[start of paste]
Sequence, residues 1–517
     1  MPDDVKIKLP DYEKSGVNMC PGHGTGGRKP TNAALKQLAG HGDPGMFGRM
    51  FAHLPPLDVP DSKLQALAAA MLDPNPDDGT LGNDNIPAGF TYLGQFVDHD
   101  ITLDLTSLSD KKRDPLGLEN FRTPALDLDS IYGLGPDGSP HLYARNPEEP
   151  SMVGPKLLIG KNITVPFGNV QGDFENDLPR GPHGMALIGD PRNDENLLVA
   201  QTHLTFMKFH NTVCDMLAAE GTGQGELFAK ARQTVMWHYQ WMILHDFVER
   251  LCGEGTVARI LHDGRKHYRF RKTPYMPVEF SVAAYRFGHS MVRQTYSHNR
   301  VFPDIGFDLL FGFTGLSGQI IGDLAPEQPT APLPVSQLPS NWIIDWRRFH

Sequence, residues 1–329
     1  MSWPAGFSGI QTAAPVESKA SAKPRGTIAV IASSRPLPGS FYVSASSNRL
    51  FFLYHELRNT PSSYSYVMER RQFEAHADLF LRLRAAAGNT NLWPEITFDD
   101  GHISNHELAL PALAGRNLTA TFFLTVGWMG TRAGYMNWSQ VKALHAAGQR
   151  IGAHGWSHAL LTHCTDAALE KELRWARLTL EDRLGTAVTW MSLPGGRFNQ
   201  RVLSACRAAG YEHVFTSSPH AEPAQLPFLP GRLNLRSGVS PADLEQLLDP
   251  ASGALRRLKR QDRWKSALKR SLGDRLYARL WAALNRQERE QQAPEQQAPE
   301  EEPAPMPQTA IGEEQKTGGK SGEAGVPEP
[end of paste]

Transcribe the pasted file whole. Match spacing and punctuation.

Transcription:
Sequence, residues 1–517
     1  MPDDVKIKLP DYEKSGVNMC PGHGTGGRKP TNAALKQLAG HGDPGMFGRM
    51  FAHLPPLDVP DSKLQALAAA MLDPNPDDGT LGNDNIPAGF TYLGQFVDHD
   101  ITLDLTSLSD KKRDPLGLEN FRTPALDLDS IYGLGPDGSP HLYARNPEEP
   151  SMVGPKLLIG KNITVPFGNV QGDFENDLPR GPHGMALIGD PRNDENLLVA
   201  QTHLTFMKFH NTVCDMLAAE GTGQGELFAK ARQTVMWHYQ WMILHDFVER
   251  LCGEGTVARI LHDGRKHYRF RKTPYMPVEF SVAAYRFGHS MVRQTYSHNR
   301  VFPDIGFDLL FGFTGLSGQI IGDLAPEQPT APLPVSQLPS NWIIDWRRFH

Sequence, residues 1–329
     1  MSWPAGFSGI QTAAPVESKA SAKPRGTIAV IASSRPLPGS FYVSASSNRL
    51  FFLYHELRNT PSSYSYVMER RQFEAHADLF LRLRAAAGNT NLWPEITFDD
   101  GHISNHELAL PALAGRNLTA TFFLTVGWMG TRAGYMNWSQ VKALHAAGQR
   151  IGAHGWSHAL LTHCTDAALE KELRWARLTL EDRLGTAVTW MSLPGGRFNQ
   201  RVLSACRAAG YEHVFTSSPH AEPAQLPFLP GRLNLRSGVS PADLEQLLDP
   251  ASGALRRLKR QDRWKSALKR SLGDRLYARL WAALNRQERE QQAPEQQAPE
   301  EEPAPMPQTA IGEEQKTGGK SGEAGVPEP